For better than all books are the truths which books contain, and to condense those truths into a form that makes them available is not only to invest them with new powers and an enlarged range of usefulness, but is also not necessarily to interfere with any of those essential qualities that make up the exquisite literary flavor of a fine original.
The selections in THE WORLD'S GREATEST BOOKS have been collected, and are alphabetically arranged, in ten different divisions,--namely, Fiction, Lives and Letters, History, Religion, Philosophy, Economics, Science, Poetry and Drama, Travel and Adventure and Miscellaneous Literature.
An important additional feature of the work is the brief, yet highly critical biographical and bibliographical note which accompanies every author and every selection throughout the twenty volumes.
To this must be also added the not less important Introductories, and other explanations written by experts, which often accompany the selections in the text--cardinal examples of which will be found in particular in the section of Religion of this work, in the articles dealing with such subjects as the Book of the Dead, Brahmanism, Confucianism, the Koran, Talmud, etc.
With respect to the selections themselves, it may be added that, even where they are derived from foreign originals, they have often been prepared from those originals rather than from any existing translations of them, as in the fine translation of Catullus by Professor Wight Duff, or the condensations from Euripides, Corneille, Kant, Tacitus, and very many more.
In other cases, again, the selections have been specially prepared for THE WORLD'S GREATEST BOOKS by their authors or their agents, such as the two selections by Major Martin Hume in History, by Dr. Bramwell and Sir Francis Galton in Science, by Mr. Robert Hichens in Fiction, etc.
From this, and still more from the list of authors itself, it will be found, we hope, that besides a completely modern aim, a distinctly proper proportion of modern literature has found a place in the work, and that the best of French, German, Scandinavian, Russian, and other authors take rank in it with American and English, as do the best of the ancients with the best among the moderns.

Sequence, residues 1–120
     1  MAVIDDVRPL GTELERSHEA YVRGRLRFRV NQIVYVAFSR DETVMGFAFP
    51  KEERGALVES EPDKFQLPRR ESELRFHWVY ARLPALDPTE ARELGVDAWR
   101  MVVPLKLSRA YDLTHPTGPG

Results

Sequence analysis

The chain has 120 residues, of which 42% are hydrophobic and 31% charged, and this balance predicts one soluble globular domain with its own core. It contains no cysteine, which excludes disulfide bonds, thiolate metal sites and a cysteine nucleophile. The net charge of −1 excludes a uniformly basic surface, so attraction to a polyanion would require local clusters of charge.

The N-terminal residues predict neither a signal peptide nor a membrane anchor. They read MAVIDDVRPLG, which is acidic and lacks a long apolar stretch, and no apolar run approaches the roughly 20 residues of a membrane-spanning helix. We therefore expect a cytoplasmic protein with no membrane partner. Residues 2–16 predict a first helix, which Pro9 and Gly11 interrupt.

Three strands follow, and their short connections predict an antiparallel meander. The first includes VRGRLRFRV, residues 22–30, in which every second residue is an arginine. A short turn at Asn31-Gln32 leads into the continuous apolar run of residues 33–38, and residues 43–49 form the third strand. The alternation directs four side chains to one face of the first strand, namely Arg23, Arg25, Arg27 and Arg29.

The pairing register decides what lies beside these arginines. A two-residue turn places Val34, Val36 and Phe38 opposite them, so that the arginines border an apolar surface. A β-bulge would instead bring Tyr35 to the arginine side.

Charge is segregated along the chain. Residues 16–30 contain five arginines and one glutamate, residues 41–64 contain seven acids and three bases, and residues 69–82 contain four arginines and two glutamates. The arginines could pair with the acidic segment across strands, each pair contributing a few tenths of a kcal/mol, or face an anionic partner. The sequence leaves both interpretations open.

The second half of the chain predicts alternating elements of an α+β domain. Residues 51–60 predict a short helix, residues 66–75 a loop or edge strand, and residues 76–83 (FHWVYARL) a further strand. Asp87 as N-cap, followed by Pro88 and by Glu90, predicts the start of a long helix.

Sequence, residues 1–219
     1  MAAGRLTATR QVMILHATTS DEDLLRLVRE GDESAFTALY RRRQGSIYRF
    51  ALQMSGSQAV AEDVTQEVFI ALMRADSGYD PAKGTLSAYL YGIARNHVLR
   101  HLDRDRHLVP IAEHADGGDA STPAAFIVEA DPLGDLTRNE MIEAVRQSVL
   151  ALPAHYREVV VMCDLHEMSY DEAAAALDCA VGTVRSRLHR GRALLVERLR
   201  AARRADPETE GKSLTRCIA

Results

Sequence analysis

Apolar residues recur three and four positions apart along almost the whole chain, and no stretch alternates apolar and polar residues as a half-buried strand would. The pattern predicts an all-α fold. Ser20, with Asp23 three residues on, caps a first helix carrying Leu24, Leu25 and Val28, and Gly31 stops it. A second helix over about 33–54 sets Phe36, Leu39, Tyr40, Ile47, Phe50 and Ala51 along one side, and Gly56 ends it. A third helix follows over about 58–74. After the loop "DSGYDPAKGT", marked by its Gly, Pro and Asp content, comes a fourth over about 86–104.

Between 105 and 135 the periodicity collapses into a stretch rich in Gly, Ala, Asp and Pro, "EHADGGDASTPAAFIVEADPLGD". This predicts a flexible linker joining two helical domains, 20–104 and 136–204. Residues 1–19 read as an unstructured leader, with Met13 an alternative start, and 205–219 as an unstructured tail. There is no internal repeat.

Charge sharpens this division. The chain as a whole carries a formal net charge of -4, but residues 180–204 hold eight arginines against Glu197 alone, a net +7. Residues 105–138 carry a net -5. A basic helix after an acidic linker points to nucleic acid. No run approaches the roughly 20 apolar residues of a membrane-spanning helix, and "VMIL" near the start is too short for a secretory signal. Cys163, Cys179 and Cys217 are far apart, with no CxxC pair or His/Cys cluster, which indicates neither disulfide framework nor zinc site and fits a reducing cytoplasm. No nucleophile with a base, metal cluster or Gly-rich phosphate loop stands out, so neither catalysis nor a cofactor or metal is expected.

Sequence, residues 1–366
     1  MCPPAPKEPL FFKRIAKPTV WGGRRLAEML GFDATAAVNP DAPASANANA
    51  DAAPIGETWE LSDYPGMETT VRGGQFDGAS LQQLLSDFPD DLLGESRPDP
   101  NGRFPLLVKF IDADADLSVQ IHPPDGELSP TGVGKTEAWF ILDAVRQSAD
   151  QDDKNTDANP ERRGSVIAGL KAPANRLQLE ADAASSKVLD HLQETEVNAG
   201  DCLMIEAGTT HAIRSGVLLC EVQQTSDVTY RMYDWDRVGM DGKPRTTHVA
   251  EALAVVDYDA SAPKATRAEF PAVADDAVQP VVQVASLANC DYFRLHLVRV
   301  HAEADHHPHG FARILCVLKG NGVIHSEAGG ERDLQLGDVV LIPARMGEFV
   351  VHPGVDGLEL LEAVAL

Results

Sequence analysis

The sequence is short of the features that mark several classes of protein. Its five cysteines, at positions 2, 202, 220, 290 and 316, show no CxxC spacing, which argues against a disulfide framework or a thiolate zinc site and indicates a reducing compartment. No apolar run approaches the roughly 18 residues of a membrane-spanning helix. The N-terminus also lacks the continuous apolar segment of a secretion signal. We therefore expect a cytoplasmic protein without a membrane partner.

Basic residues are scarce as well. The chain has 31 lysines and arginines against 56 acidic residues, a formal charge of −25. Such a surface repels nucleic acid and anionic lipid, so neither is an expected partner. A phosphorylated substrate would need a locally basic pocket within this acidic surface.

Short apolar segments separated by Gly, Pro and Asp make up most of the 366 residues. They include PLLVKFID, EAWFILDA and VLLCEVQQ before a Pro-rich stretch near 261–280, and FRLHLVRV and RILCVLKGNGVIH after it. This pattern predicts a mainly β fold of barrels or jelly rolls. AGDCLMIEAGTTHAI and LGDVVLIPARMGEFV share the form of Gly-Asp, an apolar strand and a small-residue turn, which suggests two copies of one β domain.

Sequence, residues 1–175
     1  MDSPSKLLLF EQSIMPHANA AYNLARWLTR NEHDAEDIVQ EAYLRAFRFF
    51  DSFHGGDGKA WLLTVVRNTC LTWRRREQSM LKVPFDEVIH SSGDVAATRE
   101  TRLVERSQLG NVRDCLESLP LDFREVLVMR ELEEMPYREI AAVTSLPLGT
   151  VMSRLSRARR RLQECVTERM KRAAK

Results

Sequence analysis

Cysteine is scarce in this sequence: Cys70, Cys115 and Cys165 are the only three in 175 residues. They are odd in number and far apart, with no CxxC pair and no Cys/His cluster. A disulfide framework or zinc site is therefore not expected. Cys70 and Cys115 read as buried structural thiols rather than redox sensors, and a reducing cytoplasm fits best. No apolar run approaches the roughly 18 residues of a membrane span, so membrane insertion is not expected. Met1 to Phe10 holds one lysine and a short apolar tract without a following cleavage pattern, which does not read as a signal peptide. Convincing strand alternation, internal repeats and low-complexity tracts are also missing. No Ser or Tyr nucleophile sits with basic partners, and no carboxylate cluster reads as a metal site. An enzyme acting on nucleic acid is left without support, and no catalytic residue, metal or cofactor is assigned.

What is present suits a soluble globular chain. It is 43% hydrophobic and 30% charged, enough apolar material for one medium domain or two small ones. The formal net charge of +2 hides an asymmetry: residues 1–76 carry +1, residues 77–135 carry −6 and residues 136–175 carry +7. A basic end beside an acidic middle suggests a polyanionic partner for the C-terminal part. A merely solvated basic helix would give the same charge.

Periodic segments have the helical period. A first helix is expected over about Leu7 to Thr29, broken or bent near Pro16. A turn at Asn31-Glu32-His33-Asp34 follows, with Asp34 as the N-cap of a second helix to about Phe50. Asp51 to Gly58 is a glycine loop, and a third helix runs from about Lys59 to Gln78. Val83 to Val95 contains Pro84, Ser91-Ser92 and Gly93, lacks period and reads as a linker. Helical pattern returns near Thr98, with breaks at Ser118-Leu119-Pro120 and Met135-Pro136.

As the aim of THE WORLD'S GREATEST BOOKS has been directed first of all towards those forms of literature which were in the most need of condensation to make them readily available, it will not be expected that the Poetry section of the work will contain the shorter kind of poems.
Moreover, even if the shortness of such poems and their general accessibility in present-day anthologies did not render their inclusion here a work of supererogation, it was felt that their place could be far better filled in a work like the present by the world's best dramatic literature,--as has been done.
This does not apply, however, to translations from the shorter poems of ancient classical literature, which, however short they may be, cannot be said to be already generally available for everyday reading.
Throughout, the claims of literature proper, or of fine writing, have been intimately considered in conjunction with the claims of pure learning, or of information, with the result, it is hoped, that to the authority of the world's best thinkers is added the picturesqueness of their fine writing.
Plato, Spencer, Newton; Darwin, Haeckel, Virchow; Æschylus, Shelley, Ibsen; Burton, Mandeville, Loti; or Brandes, Matthew Arnold, and Demosthenes--from old and from modern times they yield up their pearls.
The notion of finality, or of an utter inclusiveness, for such a work as THE WORLD'S GREATEST BOOKS may be readily disclaimed.
To set it up even would seem ridiculous to any one acquainted with the enormous range of the subject.
Not so ridiculous, however, may seem the claim to have established a standard and a form of achievement new in the annals of literary production; and one, moreover, whose importance as an educative factor, no less than as a test of the special needs of the era wherein we are living, may be as valid in its own way and in its own time as some of those other contributions which have helped along the revival of learning and of letters, from that first awakening of the Renascence humanists down to our own day.
In the following Index the Roman Numerals refer to the Volumes, and the Arabic Numerals to Pages. The numerals in heavy, or black-faced type, indicate the place where the biographical notice will be found.